The vessel Gurum is holding is for milk. Apparently, if the Afari give you milk, that means you have their protection while you are in their lands. They did not give us milk. At the time, I wasn’t sure if that’s a bad thing because the Afari have a reputation for being fearless warriors.

An Afari guide named Mohammed joins us for the hike up the Erta Ale volcano. We drive through the desert and see fields of lava all around and the occasional camel.

It’s windy and our cars kick up so much sand as we drive that it’s difficult to see and we have to stop occasionally to let the sand settle, so we can continue without hitting the other cars in our group.

Soda apple - one of the few plants that grow in the Danakil desert, which unfortunately is very poisonous to both humans and animals. The Afari dry its stems and use them to make enclosures for their animals and fences for their houses.

We get to a small village and stop for lunch. There are no restaurants in the whole area, so the tour company has brought a cook.

The cook's name is Mandela and he makes sure we are well taken care of.

There are no proper stores where we can buy fruits and veggies either, so the tour company has to bring in everything - water, eggs, fruit, veggies, meat, gas, dishes, utensils, pots, pans, etc.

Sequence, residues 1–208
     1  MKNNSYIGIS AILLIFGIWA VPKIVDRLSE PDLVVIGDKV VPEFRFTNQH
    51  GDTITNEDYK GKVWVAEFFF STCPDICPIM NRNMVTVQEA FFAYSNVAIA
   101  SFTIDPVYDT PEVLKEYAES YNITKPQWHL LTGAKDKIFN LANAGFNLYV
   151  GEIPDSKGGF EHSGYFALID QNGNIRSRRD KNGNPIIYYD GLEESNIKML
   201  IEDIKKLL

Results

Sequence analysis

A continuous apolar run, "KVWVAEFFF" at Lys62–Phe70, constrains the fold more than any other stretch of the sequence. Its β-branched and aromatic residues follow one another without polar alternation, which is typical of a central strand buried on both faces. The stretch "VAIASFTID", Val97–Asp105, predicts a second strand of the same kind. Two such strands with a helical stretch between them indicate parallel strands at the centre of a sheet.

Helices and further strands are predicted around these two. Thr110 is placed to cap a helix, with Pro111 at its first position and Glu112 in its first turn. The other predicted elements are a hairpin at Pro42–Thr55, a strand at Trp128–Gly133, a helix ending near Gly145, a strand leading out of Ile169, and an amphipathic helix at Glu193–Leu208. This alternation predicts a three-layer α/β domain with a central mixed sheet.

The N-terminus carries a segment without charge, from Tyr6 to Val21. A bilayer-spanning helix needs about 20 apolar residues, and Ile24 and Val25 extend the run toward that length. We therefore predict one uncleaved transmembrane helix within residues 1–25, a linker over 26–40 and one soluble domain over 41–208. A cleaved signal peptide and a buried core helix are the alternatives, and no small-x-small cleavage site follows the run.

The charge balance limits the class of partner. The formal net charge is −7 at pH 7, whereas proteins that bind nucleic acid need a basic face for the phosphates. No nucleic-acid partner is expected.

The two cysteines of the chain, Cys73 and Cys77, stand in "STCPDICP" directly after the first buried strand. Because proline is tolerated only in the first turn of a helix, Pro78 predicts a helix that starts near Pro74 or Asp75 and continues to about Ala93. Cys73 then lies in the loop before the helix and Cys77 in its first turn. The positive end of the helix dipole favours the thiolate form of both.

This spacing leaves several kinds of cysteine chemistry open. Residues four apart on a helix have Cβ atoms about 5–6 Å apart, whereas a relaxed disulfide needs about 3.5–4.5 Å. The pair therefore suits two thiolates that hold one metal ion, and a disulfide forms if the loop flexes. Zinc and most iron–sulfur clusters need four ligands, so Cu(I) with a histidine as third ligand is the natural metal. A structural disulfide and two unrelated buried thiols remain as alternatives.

We eat and continue to the base camp for Erta Ale. Once there, we relax while the guides and local camel drivers prepare for our trek up to the volcano.

Loading the mattresses and the provisions we will need for the trek up, the night at the volcano and breakfast.

We start our four-hour trek to the volcano at 6:30 pm because it is ungodly during the day (45 C/113 F in the cool season), which means we have to trek in the dark. We are far from any town, so by 7 pm it’s pitch black out there and let me tell ya, hiking in the dark is hard and disorienting. We hike  over  lava rocks which are lumpy, uneven and often loose. It's hard to see where exactly you are stepping to ensure you have a firm footing. Mohamed, the guide, sets the pace and he's like a billy goat up the trail, while we huff and puff behind him. We are lucky we don't break our necks. We don't realize how steep/far we have hiked until we get down the next day.

We have to use head lights and flash lights to see where we are going. 

We get to Erta Ale at around 10:30 pm and are dead tired. There’s a large caldera, at the edge of which are some huts, where we will spend the night. Inside the large caldera there is a smaller one and that’s where the lava is. Our guides suggest we go down into the large caldera and right up to the lava. It’s insane but it's what we came for, so we follow them and get to about 10 -15 m from the lava.